ILMT w praktyce, Software Asset Management


ILMT in practice

November 2018


As compared to other software developers, IBM offers relatively clear licensing terms and conditions, which require considerable accuracy, though. Products licensed based on IBM’s proprietary model known as the Processor Value Unit, commonly referred to as PVU, are particularly interesting as the majority of IBM licenses are sold in exactly this model. To put it simply, PVU is a value assigned by IBM to specific processor cores used by the systems in which its software is running, depending on the processor type and the computer architecture. Simple? In theory, yes.

Full-capacity and sub-capacity

This has to be considered in the context of licensing terms and conditions in the full-capacity or the sub-capacity mode. And again, to cut a long story short, full capacity means the full computing capacity of the machine or machines on which IBM software is running, while sub-capacity is the capacity of the virtualized environment that may be used by the IBM product. Logically speaking, the second model should deliver more benefits as it requires fewer licenses. IBM clients may decide themselves which licensing model suits them better. Needless to say, to obtain sub-capacity pricing an organization needs to satisfy specific conditions first. These include the deployment and configuration of the latest version of ILMT, in addition to tracking IBM PVU-based software license consumption.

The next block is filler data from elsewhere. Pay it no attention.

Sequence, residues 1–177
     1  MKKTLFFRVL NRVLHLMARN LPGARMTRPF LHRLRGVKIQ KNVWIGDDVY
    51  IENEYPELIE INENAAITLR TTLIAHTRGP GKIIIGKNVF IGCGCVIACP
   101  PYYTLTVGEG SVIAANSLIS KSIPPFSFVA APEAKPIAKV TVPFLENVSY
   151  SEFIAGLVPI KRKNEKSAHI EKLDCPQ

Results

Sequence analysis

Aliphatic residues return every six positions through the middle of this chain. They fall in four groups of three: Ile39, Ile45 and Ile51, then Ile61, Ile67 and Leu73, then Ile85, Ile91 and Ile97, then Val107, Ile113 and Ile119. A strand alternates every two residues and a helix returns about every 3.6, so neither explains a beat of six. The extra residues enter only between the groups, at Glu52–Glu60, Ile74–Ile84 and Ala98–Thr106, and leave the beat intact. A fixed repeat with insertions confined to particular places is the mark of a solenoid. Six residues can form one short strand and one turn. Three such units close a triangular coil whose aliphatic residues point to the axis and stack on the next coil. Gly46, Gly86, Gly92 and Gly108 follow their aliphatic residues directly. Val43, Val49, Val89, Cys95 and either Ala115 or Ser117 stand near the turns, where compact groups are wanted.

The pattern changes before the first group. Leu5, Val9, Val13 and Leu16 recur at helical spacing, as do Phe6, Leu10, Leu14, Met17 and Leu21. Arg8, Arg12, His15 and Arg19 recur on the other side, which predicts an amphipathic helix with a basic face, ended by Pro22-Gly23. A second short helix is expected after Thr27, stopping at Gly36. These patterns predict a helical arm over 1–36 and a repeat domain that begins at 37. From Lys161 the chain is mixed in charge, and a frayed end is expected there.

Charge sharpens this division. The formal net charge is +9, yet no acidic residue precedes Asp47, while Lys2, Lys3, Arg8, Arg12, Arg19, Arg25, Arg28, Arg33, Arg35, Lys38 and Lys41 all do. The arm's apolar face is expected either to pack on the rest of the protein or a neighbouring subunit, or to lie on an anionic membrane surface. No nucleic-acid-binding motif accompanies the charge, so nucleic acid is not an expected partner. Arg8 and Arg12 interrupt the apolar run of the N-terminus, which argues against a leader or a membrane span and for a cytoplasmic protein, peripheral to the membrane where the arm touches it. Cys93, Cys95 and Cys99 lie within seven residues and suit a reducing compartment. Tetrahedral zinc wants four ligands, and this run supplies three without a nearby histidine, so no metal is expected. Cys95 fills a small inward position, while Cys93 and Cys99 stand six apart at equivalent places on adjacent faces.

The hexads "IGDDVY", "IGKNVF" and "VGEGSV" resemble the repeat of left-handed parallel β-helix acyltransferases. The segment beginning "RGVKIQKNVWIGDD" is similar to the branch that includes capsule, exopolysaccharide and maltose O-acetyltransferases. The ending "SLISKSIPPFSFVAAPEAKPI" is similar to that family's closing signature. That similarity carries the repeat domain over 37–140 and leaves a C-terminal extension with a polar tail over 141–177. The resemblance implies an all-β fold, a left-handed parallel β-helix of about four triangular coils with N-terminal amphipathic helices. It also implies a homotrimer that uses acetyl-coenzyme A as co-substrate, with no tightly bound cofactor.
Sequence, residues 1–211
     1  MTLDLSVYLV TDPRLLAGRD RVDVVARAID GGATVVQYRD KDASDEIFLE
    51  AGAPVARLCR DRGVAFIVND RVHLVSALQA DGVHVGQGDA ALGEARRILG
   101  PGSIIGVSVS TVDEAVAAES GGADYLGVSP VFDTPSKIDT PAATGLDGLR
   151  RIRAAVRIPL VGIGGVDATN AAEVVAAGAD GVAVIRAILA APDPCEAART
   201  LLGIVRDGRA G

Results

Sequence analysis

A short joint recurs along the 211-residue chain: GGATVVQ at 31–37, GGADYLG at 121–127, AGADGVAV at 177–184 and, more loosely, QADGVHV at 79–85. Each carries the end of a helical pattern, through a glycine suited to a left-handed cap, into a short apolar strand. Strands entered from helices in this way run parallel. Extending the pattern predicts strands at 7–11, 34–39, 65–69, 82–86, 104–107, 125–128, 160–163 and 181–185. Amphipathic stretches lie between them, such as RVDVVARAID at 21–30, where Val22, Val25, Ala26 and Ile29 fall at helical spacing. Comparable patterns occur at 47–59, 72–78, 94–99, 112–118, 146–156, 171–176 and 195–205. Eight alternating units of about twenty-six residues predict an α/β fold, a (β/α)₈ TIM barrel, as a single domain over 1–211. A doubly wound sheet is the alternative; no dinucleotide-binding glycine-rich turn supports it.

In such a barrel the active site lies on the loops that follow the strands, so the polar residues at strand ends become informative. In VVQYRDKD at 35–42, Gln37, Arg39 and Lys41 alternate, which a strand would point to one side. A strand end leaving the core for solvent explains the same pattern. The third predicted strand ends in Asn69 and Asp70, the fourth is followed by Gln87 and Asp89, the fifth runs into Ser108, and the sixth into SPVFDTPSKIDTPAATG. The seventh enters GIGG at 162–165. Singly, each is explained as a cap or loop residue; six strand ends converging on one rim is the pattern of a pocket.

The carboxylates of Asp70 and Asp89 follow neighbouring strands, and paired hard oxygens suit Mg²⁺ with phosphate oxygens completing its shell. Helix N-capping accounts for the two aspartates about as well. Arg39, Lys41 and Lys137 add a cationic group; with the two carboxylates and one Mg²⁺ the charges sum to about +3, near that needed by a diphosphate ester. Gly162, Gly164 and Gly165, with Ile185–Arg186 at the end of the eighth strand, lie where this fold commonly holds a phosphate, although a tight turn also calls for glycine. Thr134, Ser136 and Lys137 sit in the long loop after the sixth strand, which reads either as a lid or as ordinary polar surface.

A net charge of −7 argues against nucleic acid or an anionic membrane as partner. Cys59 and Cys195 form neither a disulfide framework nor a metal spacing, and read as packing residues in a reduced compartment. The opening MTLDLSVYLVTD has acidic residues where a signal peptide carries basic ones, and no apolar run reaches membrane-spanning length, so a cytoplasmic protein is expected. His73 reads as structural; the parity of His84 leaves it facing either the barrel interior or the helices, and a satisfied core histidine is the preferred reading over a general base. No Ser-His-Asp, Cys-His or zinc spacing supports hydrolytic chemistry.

IBM License Metric Tool (ILMT) is a no-charge tool, or better, a no-charge system, designed to track and report on PVU license consumption. Currently, IBM’s licensing terms and conditions take account of the multitude of processor and virtualization technologies, offering at the same time detailed rules for determination of the licensing requirements for each of them. These rules require the collection of up-to-date information about the hardware and processor configuration at each virtualization level. This, combined with the necessity to identify the installed IBM software precisely, makes this seemingly charge-free process quite complicated.


The ILMT system consists of three components, namely the Agent, the BigFix Platform and the relevant ILMT application. The role of the Agent is to scan servers regularly so as to identify any IBM software deployed and the values of hardware metrics assigned to each device and virtualization. IBM requires that ILMT be installed on each computer with software that has been purchased under a PVU sub-capacity licensing metric. If the Agent is not deployed, the organization runs the risk of calculation of the license fee for the full capacity. Differences may be several dozen and cost several hundred million in extreme cases. Unfortunately, a vast majority of IBM clients are not aware of the requirement to have the Agent installed also in systems where IBM software is not deployed directly but instead are used as resource and virtualization controllers. These may include Solaris Global Zone or Control Domain for Oracle Virtualization for SPARC (LDOM). In practice, some organizations make a decision to install the Agent in each server system, thus reducing the risk of having IBM software which is not accounted for with the use of ILMT.